Osgood Schlatter disease is a fairly common cause of knee pain. It is most common in adolescents and more commonly affects males more than females, although with more females being active in sports, the gender gap for this health issue has narrowed.
It most commonly occurs among children who play sports that involve jumping, running, and quick directional changes such as basketball, soccer, ballet, and figure skating. It can cause a bony bump to appear on the shinbone, located just below the knee. This bump can become quite painful. Osgood Schlatter disease will most typically develop in girls aged ten to thirteen and boys aged twelve to fourteen.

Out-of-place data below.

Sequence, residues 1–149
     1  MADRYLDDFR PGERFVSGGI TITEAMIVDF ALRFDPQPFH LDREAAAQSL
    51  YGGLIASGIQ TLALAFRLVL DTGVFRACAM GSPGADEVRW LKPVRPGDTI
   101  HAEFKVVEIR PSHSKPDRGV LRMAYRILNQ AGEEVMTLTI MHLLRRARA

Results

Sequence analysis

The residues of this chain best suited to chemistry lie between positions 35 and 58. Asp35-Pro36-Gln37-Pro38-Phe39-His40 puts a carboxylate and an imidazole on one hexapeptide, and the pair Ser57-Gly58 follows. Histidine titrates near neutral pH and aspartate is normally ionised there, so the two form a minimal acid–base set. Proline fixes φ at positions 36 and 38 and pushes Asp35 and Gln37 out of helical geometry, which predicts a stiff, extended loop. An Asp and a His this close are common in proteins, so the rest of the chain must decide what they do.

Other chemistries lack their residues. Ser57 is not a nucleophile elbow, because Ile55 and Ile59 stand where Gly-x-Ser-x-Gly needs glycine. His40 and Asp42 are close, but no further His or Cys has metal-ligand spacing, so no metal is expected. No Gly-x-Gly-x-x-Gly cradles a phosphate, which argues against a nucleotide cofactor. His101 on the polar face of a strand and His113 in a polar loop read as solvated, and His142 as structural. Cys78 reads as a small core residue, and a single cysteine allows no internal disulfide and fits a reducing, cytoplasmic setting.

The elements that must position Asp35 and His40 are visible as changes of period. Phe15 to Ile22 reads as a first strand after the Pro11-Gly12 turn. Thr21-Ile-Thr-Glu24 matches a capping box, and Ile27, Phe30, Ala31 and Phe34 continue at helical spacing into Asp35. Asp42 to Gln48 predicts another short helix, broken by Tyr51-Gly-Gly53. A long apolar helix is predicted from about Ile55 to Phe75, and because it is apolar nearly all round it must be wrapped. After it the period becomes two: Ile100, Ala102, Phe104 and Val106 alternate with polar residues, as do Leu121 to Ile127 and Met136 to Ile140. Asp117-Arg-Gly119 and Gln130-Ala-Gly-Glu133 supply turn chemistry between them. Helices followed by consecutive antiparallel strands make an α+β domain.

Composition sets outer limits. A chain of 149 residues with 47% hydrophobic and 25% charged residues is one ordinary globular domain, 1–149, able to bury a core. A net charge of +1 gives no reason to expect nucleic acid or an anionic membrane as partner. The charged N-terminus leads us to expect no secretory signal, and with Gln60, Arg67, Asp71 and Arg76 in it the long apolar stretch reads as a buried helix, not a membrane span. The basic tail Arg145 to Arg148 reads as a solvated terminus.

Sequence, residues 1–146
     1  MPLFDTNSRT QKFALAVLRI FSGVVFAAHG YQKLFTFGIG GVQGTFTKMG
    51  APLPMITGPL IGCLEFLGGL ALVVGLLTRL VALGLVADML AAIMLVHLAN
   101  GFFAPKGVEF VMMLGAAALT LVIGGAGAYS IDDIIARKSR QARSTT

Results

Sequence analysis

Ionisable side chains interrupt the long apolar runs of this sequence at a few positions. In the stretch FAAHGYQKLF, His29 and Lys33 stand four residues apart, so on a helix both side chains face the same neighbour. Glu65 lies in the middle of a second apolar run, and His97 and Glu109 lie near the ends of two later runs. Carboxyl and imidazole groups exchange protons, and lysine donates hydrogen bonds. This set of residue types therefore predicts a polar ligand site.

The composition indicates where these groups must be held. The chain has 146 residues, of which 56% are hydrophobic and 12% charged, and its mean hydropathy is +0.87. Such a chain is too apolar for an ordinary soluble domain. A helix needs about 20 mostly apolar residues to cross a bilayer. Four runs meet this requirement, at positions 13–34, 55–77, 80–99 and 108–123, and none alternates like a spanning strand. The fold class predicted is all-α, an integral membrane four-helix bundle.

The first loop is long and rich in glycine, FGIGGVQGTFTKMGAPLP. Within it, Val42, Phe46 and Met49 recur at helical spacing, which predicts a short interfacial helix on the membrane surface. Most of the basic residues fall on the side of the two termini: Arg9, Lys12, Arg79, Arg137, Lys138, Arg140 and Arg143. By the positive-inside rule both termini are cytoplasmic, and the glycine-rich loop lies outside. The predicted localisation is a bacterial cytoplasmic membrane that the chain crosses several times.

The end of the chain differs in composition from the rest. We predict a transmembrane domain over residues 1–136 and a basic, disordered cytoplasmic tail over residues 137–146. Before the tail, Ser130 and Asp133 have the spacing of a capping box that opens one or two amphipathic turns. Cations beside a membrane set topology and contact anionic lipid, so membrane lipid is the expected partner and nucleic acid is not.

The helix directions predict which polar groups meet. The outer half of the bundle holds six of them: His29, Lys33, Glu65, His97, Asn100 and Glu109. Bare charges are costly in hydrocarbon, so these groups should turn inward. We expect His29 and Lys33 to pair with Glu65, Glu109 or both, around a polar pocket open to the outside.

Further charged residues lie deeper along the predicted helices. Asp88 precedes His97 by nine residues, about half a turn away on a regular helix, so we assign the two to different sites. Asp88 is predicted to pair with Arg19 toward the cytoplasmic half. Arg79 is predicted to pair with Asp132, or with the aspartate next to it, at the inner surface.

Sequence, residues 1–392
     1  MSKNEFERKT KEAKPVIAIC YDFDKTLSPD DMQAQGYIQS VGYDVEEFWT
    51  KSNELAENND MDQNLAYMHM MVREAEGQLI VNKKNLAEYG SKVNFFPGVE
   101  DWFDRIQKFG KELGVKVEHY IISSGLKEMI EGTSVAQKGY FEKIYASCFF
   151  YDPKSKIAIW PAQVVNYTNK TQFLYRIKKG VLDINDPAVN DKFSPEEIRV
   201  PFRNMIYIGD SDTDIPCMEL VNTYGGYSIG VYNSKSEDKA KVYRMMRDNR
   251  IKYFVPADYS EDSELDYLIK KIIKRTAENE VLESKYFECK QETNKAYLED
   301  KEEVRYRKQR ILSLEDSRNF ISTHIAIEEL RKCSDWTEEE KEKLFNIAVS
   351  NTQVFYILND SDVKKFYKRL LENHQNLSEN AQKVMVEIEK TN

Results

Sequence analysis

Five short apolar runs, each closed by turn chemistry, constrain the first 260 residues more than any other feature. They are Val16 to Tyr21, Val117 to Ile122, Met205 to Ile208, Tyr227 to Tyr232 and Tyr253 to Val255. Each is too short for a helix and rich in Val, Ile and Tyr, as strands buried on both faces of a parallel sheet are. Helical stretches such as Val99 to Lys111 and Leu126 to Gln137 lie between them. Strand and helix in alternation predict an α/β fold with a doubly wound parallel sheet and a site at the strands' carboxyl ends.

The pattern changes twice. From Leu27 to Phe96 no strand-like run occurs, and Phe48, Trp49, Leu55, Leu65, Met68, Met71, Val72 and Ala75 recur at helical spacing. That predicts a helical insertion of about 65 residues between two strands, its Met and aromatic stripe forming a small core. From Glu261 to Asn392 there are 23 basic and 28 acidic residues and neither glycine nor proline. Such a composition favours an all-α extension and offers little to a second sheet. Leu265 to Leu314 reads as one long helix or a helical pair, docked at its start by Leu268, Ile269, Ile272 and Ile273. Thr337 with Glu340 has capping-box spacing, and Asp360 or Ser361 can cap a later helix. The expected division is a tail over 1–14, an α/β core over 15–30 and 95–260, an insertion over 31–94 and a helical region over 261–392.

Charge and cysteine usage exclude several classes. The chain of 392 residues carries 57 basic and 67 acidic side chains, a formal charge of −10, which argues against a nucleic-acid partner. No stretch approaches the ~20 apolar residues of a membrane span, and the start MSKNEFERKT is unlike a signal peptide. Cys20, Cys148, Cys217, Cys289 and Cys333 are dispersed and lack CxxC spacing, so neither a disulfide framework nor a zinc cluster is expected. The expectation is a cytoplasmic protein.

Here are some of the signs to look to determine whether it is Osgood Schlatter disease that is causing knee pain in your child or if it is the cause of your knee pain as an adult.
When it comes to Osgood Schlatter disease, one of the most common factors is the age at which it occurs. In girls, Osgood Schlatter disease is most likely to occur from the ages ten to thirteen. In boys, Osgood Schlatter disease will typically occur from ages twelve to fifteen.
The reason for this is quite simply because girls tend to enter puberty at an earlier age than boys. The bones of adolescents have an area where the bone grows. This is called the growth plate. The growth plates are the areas of cartilage located around the ends of the bones.
During the growth period, these growth plates can become swollen or damaged. This is especially true in the growth plates surrounding the knees. If your child is going through a growth spurt and has developed pain in their knees, there is a good chance that it is caused by Osgood Schlatter disease.